CT: Underlying zoning action
Facts: The client operated a landscaping business in the downtown business district zone. The client’s business involved the sale of landscaping equipment, but no retail sales occurred on site. Instead, customers would place orders over the phone and the equipment would be delivered directly to the customer. Zoning enforcement officials ordered the client to cease and desist the business. The client then hired the lawyer to represent him in challenging the zoning order. The zoning board held a meeting and denied the clients appeal of the zoning order. The client then filed in Superior Court to appeal the board’s decision. However, the lawyer failed to timely file the appellate brief and the client’s appeal was dismissed. The client then filed a legal malpractice action. The court granted summary judgment in favor of the lawyer on the basis that there was no genuine issue that the lawyer’s negligence had caused any harm to the plaintiffs.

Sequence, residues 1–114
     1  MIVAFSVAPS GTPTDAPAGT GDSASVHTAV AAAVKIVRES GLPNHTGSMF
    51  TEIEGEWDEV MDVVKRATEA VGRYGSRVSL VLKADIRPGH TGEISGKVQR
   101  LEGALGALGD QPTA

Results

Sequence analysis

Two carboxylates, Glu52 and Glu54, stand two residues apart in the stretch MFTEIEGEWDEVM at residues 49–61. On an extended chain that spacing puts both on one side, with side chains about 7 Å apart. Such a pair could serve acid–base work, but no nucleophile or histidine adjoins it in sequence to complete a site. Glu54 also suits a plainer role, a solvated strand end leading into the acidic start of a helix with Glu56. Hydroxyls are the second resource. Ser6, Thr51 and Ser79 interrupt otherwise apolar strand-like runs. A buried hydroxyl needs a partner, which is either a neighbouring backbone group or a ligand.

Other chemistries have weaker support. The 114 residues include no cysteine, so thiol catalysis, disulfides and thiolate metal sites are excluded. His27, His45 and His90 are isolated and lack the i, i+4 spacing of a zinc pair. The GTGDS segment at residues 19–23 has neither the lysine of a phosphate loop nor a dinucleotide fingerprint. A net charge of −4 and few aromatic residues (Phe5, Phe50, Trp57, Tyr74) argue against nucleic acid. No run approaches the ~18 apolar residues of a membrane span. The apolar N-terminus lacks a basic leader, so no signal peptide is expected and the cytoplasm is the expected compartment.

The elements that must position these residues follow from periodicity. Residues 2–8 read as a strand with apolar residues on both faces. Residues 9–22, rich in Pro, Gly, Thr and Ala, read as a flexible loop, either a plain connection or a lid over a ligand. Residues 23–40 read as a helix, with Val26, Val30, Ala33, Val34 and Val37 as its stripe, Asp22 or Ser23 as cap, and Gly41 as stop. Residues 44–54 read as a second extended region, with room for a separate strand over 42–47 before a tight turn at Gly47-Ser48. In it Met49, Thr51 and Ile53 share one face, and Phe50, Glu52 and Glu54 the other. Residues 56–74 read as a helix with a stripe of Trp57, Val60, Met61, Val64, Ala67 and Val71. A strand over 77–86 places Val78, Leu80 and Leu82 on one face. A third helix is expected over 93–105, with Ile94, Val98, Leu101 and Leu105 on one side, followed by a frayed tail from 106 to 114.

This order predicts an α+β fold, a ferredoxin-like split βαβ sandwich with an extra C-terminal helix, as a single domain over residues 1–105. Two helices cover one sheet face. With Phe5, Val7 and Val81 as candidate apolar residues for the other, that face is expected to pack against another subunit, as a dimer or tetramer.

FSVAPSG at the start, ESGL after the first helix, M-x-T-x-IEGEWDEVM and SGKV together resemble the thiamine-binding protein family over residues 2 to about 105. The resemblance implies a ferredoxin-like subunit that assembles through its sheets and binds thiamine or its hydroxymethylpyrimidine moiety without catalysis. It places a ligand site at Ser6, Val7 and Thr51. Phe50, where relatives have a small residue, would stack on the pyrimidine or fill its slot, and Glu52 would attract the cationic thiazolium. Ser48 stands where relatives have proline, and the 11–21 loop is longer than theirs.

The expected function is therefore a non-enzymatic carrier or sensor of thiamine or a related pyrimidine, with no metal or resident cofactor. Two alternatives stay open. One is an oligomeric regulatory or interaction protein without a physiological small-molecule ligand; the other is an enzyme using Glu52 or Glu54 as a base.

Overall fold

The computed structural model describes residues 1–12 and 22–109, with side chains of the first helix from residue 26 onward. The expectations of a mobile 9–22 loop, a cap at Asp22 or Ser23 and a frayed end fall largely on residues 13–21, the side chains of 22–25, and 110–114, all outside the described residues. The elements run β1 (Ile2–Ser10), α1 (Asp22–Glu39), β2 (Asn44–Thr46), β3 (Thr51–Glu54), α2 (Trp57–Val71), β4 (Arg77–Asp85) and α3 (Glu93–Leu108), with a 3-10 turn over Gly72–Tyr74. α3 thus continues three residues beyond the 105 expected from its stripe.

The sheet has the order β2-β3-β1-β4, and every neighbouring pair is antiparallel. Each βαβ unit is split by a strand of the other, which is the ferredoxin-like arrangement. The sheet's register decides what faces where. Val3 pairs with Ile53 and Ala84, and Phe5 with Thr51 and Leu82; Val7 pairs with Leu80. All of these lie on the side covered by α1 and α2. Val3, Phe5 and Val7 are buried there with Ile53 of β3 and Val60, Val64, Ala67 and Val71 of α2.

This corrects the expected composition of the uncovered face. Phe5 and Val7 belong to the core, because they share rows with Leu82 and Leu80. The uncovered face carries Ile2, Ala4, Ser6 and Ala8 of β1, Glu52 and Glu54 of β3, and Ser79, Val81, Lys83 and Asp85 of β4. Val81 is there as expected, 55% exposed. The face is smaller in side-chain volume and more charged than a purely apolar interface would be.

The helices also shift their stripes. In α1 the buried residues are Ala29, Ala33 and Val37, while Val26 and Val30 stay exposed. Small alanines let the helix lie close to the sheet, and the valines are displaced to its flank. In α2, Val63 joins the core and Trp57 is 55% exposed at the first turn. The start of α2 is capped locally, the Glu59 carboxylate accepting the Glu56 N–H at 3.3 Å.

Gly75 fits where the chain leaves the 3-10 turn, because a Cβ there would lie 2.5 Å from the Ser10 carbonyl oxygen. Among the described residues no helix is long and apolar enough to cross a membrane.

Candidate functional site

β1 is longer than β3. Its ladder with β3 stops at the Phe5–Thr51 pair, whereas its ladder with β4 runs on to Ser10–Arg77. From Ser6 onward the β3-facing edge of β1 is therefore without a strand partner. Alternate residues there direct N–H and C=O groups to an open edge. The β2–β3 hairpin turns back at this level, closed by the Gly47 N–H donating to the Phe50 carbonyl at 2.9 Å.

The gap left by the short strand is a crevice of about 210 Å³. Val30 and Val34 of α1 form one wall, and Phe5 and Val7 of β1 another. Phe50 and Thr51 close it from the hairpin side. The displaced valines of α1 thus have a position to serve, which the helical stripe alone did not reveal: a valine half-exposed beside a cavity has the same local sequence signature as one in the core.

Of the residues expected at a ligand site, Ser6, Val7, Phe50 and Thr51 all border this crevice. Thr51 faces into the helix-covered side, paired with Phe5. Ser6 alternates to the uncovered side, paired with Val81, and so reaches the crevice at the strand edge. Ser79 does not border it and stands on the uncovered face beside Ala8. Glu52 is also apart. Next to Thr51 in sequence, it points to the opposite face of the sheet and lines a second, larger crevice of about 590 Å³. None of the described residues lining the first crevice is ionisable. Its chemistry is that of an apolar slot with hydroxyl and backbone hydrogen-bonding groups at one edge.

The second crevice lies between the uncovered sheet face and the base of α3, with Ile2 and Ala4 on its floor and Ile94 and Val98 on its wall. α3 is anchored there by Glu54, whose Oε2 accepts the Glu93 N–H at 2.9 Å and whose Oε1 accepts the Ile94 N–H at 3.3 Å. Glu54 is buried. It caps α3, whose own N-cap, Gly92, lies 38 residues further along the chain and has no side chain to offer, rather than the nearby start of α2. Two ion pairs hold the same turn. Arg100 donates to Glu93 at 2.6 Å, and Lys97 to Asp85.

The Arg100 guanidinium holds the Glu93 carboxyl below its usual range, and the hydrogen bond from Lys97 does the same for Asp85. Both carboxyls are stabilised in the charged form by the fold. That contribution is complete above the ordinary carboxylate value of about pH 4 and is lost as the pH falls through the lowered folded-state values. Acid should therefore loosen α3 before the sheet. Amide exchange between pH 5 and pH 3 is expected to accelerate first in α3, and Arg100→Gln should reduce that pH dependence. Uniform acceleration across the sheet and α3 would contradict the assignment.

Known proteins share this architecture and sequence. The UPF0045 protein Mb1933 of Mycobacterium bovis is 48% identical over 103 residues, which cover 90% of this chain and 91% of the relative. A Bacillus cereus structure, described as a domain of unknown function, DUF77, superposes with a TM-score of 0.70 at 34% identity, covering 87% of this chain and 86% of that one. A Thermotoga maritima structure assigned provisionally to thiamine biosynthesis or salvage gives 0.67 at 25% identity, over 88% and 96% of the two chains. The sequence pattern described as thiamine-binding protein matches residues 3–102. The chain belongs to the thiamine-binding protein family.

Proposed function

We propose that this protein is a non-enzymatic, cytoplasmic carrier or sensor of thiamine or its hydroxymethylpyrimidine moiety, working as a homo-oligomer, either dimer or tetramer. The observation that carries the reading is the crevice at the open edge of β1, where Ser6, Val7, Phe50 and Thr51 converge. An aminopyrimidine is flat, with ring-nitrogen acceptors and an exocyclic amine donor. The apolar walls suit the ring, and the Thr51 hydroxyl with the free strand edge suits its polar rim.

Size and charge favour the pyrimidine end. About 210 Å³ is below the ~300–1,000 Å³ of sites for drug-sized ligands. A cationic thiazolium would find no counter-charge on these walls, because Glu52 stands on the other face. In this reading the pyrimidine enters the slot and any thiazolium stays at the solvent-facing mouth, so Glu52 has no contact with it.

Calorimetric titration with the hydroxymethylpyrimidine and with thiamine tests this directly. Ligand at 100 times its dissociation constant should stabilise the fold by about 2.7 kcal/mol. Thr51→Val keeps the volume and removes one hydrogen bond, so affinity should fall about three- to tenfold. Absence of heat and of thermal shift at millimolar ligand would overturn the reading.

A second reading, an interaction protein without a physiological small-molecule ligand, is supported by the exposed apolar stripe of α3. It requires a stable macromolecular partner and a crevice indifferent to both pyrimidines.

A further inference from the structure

Issue: Was there a genuine issue that the lawyer’s negligence had caused harm to the clients?
Ruling: No. To prevail in this case, the clients would need to show that there was no substantial evidence to support the zoning board’s determination. Analysis of the zoning regulation indicated that the client’s business was similar to that of a greenhouse or nursery, both of which are prohibited in a downtown business area. In addition, the business did not meet the downtown business district purpose to “encourage high density, pedestrian-oriented commercial development” because all sales were conducted by telephone. Thus, substantial evidence existed to support the board’s determination that the client’s business was engaging in non-permitted use. The case would have lost on the merits, so the lawyer’s failure to file a timely appeal does not amount to causation of the harm.
Lesson: Evidence that the client would have won their underlying case is required in legal malpractice actions. In order for the client to show that the trial court improperly decided that there was no genuine issue of fact as to the element of causation, he needed to persuade the court that he could have likely prevailed in their underlying appeal. Since the client would have lost the underlying case, the lawyer’s negligence in timely filing the appeal does not amount to a genuine issue on causation.